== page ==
On this understanding, the Vicar’s method marks a significant break from any earlier form of religious rationalism. It has accordingly been seen as the beginning of “religious anti-foundationalism” and as “Rousseau’s great innovation in the history of religious thought.” See Melzer at 352. On another interpretation, the “common sense” notions to which the Vicar assents correspond in the religious sphere to the “general will” of Rousseau’s Social Contract (1762) in politics. There is universal consent to the simple notions on which the Vicar bases religion, just as there must be universal consent to certain common rules and norms in politics; some deviations from the common religion may be allowed by the body politic, just as deviant private opinions may be allowable in politics; but if those private opinions in either religion or politics threaten the internal order of the State, they may be suppressed or punished. Democracy is intended to avoid the extremes of both anarchy and tyranny in religion as in politics. See Morris Dickstein, “The Faith of a Vicar: Reason and Morality in Rousseau’s Religion,” 28 Yale French Studies 48, 53 (1961).

In any case, the Vicar’s discourse on natural religion purports to apply his novel method of discovery. The Vicar distills many (though not all) of his findings in three main “articles of faith.” The first two of these are that “a Will gives motion to the universe, and animates all nature;” and that, given that a Will is the first active cause of the motion of matter, “the subjugation of this matter to certain regular laws of motion displays also intelligence.” The being that combines “intelligence, power, and will” in this way “I call God.” The third article is that man “is a free agent, and as such animated by an immaterial substance.”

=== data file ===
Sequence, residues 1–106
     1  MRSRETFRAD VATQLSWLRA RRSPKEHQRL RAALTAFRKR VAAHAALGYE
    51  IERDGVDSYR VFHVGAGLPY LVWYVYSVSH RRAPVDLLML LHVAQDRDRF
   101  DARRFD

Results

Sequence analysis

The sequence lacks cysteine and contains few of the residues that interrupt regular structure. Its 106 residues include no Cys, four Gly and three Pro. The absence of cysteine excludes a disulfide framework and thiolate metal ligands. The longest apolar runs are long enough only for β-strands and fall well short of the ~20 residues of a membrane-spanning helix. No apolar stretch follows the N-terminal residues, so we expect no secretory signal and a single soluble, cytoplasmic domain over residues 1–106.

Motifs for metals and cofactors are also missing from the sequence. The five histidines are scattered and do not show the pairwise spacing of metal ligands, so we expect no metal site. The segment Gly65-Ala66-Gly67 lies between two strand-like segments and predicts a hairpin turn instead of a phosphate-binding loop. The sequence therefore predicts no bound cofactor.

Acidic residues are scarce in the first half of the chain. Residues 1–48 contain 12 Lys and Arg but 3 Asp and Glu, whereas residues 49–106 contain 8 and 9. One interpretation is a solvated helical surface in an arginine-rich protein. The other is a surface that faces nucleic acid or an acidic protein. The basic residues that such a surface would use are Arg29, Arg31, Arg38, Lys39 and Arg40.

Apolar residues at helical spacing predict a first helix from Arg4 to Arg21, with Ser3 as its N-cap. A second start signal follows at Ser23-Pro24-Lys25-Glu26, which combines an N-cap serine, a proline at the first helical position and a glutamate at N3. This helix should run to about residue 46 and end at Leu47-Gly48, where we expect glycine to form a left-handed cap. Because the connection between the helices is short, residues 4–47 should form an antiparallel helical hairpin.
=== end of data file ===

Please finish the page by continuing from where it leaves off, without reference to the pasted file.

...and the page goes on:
Although the Vicar insists that human beings consist of an “immaterial substance” or soul joined to a body, he demurs when it comes to affirming that God will reward or punish souls in an afterlife. Because it is immaterial, the soul “may” survive the body; and “if” it survives, that alone justified “Providence.” “Is the soul immortal in its own nature? . . . I believe that the soul survives the body so long as is necessary to justify Providence in the good order of things; but who knows if that will be forever?” Furthermore, should the soul survive the body’s death, its reward or punishment will be the “remembrance” of its “perceptions” and “actions” during life. Heaven and hell, as traditionally conceived, do not await us, only an indefinite period of self-congratulation or regret.

Rousseau (or rather, the Vicar) thus teaches that reflection leads us to one, perhaps two, of the basic doctrines of natural religion: there is a God; and the soul, which is immaterial, “may” survive the body’s death and, if it does, may find some form of reward or punishment. As for the third basic doctrine of natural religion, the Vicar maintains that the rules that are to govern “the conduct of life” are “written in indelible characters on [our] heart.” They consists, in essence, in listening to and following conscience: “Conscience is the voice of the soul.” Although conscience “is timid, she loves peace and retirement,” she nonetheless “speaks to us the language of nature.” Her operations “are not intellectual, but sentimental.” And despite the arguments of philosophers like “the skeptical Montaigne,” her teachings are understood and practiced everywhere. “Tell me if there be any country upon earth in which it is deemed a crime to be sincere, compassionate, beneficent, and generous – in which an honest man is despicable, and knavery held in esteem?” The materialists and skeptics are wrong to maintain that “conscience is founded merely on our prejudices;” the Vicar claims to “know from my own experience that its dictates constantly follow the order of nature, in contradiction to all human laws and institutions.